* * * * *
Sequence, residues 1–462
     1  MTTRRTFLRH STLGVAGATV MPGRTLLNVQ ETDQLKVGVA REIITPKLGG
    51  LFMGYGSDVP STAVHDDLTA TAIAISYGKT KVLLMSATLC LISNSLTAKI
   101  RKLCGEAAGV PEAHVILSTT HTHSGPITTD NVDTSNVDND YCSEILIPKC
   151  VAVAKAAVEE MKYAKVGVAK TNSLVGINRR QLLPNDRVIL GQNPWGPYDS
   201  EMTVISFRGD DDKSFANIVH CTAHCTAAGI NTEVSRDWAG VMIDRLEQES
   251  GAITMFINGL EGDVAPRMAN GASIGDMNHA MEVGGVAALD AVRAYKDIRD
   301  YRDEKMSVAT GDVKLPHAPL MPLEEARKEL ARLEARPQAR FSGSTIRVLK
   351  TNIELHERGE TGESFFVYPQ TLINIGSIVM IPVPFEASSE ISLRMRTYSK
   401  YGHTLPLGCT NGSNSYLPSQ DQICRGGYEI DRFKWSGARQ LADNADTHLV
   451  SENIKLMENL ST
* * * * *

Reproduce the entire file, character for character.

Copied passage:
Sequence, residues 1–462
     1  MTTRRTFLRH STLGVAGATV MPGRTLLNVQ ETDQLKVGVA REIITPKLGG
    51  LFMGYGSDVP STAVHDDLTA TAIAISYGKT KVLLMSATLC LISNSLTAKI
   101  RKLCGEAAGV PEAHVILSTT HTHSGPITTD NVDTSNVDND YCSEILIPKC
   151  VAVAKAAVEE MKYAKVGVAK TNSLVGINRR QLLPNDRVIL GQNPWGPYDS
   201  EMTVISFRGD DDKSFANIVH CTAHCTAAGI NTEVSRDWAG VMIDRLEQES
   251  GAITMFINGL EGDVAPRMAN GASIGDMNHA MEVGGVAALD AVRAYKDIRD
   301  YRDEKMSVAT GDVKLPHAPL MPLEEARKEL ARLEARPQAR FSGSTIRVLK
   351  TNIELHERGE TGESFFVYPQ TLINIGSIVM IPVPFEASSE ISLRMRTYSK
   401  YGHTLPLGCT NGSNSYLPSQ DQICRGGYEI DRFKWSGARQ LADNADTHLV
   451  SENIKLMENL ST